doctor holding clipboard.

The Inherent Value of Patient Safety Reports as Key Educational Tools

By John Tingle

Many patient safety adverse events across the National Health Service (NHS) in England have common causes, which exist regardless of clinical specialty, such as failures in communication, poor record keeping, and poor staffing levels.

This commonality of cause means that patient reports emanating from various clinical areas can have general, health system-wide value, relevance, and application. From these reports, it is possible to extrapolate generally applicable patient safety themes that can apply in a wide range of health care settings.

HSIB report

A recent report by the HSIB (Healthcare Safety Investigation Branch), which looks at delays to intrapartum intervention once fetal compromise is suspected, offers a case in point. Even though the focus of the report is on maternity investigations, the errors found, and the framework, methodology, and observations used in the report can have a more general application across various health care settings.

The report states that approximately 650,000 babies are born each year in England. While the vast majority are delivered safely, the report highlights some troubling trends: “when outcomes are compared to other high-income countries, there are higher numbers that are stillborn… and who die soon after birth.”

The report states that national reports over the last five years have identified this patient safety issue — delay in intrapartum intervention once fetal compromise is suspected — but that the problem still persists.

Investigative Approaches

Early on in the report there is a discussion of two investigative approaches, Safety-I and Safety-II. These are different approaches that can be used to analyze the safety of systems. These approaches are drawn from the work of Erik Hollnagel, Senior Professor of Patient Safety at the University of Jönköping, Sweden. The discussion of the different approaches in the report can be applied to other patient safety problems in other areas of care, too.


Safety-I, the report states, focuses on incidents and adverse outcomes which happen when something goes wrong. The approach seeks to retrospectively understand what happened, and to rectify. Training policies, compliance, and proper procedure adoption are key aspects of this approach.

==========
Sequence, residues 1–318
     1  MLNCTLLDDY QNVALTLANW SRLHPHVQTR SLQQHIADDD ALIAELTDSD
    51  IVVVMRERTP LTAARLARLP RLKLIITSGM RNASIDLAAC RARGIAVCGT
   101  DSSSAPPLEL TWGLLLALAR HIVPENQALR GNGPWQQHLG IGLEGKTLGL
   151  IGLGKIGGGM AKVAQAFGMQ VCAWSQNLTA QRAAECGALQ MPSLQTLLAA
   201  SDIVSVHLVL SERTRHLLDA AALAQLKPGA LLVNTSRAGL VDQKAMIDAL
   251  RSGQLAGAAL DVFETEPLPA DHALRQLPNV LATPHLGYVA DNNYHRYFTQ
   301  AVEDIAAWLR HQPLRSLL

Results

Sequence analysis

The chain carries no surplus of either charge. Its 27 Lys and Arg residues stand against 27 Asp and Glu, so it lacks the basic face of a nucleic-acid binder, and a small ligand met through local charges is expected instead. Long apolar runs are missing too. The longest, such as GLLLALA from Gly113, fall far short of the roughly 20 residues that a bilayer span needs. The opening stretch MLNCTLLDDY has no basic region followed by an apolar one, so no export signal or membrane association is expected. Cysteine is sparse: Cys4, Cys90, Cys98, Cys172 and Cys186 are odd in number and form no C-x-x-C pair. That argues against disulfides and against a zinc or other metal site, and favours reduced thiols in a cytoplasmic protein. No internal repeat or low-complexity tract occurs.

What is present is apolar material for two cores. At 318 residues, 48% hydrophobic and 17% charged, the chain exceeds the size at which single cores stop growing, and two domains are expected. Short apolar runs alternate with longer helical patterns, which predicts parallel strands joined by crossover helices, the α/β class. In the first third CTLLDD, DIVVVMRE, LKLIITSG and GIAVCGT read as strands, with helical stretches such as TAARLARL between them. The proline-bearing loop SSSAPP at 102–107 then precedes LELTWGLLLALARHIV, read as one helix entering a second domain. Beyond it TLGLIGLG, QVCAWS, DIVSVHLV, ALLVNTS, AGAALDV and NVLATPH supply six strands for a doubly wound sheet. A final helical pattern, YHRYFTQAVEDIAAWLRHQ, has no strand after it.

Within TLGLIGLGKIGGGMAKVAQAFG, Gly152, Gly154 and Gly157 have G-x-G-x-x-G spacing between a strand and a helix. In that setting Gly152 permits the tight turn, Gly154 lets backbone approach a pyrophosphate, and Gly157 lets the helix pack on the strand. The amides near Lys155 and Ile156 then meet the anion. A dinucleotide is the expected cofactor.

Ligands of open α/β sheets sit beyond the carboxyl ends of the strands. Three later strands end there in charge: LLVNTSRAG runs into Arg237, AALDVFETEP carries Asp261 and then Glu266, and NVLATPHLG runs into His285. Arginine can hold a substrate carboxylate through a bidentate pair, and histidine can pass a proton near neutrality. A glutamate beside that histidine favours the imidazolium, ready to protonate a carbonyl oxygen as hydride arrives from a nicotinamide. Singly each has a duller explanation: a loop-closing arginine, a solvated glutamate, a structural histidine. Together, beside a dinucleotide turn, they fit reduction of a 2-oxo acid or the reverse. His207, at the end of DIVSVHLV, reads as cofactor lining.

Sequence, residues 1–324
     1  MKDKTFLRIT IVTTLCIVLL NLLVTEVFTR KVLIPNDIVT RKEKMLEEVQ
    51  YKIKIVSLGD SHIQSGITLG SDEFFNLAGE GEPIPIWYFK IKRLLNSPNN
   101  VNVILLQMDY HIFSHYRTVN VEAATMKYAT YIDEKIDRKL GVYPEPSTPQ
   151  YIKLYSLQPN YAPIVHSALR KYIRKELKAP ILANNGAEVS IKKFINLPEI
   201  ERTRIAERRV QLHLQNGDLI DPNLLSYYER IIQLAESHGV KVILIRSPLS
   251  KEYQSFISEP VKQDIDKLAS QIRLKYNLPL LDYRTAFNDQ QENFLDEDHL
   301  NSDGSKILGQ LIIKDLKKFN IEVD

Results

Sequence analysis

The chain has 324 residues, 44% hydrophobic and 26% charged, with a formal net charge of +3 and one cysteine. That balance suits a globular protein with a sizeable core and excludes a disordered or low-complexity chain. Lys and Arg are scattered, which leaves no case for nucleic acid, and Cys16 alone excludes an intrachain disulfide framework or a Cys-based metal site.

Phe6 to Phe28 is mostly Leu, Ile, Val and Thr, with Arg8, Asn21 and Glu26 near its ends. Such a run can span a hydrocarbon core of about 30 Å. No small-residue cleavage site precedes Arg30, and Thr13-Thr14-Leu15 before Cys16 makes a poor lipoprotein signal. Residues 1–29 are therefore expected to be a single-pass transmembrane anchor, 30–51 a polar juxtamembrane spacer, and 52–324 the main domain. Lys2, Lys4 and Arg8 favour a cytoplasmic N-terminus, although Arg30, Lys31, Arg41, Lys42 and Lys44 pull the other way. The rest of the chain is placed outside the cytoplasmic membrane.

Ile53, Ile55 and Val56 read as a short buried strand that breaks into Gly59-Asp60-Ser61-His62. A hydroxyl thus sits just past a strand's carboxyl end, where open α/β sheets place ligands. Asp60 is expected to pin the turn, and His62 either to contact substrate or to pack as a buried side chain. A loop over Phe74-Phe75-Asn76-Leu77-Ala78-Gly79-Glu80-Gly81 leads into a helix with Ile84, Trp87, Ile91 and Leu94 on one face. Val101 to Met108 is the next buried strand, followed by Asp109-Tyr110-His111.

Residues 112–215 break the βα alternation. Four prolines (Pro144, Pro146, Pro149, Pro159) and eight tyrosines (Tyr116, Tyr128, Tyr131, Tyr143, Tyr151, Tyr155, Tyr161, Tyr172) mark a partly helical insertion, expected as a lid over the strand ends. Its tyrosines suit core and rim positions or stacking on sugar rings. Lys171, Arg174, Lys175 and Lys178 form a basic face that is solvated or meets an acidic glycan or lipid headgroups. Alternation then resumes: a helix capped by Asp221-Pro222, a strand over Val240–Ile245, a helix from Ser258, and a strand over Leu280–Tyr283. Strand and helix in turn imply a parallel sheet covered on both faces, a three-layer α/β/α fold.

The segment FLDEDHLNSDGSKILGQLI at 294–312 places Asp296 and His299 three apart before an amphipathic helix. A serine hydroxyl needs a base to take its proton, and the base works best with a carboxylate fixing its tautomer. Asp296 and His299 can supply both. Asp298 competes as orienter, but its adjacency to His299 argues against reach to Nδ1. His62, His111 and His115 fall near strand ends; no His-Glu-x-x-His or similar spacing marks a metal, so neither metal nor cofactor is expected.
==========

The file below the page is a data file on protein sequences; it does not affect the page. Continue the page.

The report states that Safety-II is not focused on the minority of times when things go wrong, but rather seeks to understand how normal or routine performance results in safe outcomes, generally:

“Safety-II views safe outcomes and adverse outcomes as emerging from a same basis – that is, both types of outcome stem from everyday performance adjustments. Incidents are considered to arise from ‘unexpected combinations of everyday performance variability’ rather than being a result of ‘distinct failures and malfunctions.”

Therefore, Safety-II seeks to promote the resilience of organizations — in other words, the capacity to adjust to prevent negative variations in performance, and thus to ensure safe outcomes and prevent adverse outcomes:

“The emphasis is on improving a system’s capability to make sure things always go right, referred to as an organisation’s resilience. A key feature of a system’s potential for resilient performance is its ‘ability to adjust how it functions.’”

Both approaches have value in investigating patient safety incidents, and the report states that they are complementary to each other. However, they have differences in application and focus. The HSIB report adopts a Safety-II approach in its investigative analysis.


The report identifies the factors that are supportive of resilience, the importance of teamwork, situation awareness, multidisciplinary training, and simulation. The report emphasizes that these factors are not new, they have been highlighted in other patient safety reports.


A key value of the HSIB report is the introduction of different patient safety science approaches within the well-known clinical context of maternity care. The report also serves as a valuable patient safety teaching and learning tool.

John Tingle

John Tingle is a regular contributor to the Bill of Health blog. I am a Lecturer in Law, Birmingham Law School, University of Birmingham, UK; and a Visiting Professor of Law, Loyola University Chicago, School of Law. I was a Visiting Scholar at Harvard Law School in November 2018 and formerly Associate Professor at Nottingham Law School, Nottingham Trent University in the UK. I have a fortnightly magazine column in the British Journal of Nursing where I focus on patient safety and the legal aspects of nursing and medicine. I have published over 500 articles and a number of leading texts in patient safety and nursing law. My current research interests are in global patient safety, policy and practice, particularly in African health care systems. My most recent publication is: "Global Patient-Safety Law Policy and Practice," edited by John Tingle, Clayton O'Neill, and Morgan Shimwell, Routledge 2018.

Leave a Reply

This site uses Akismet to reduce spam. Learn how your comment data is processed.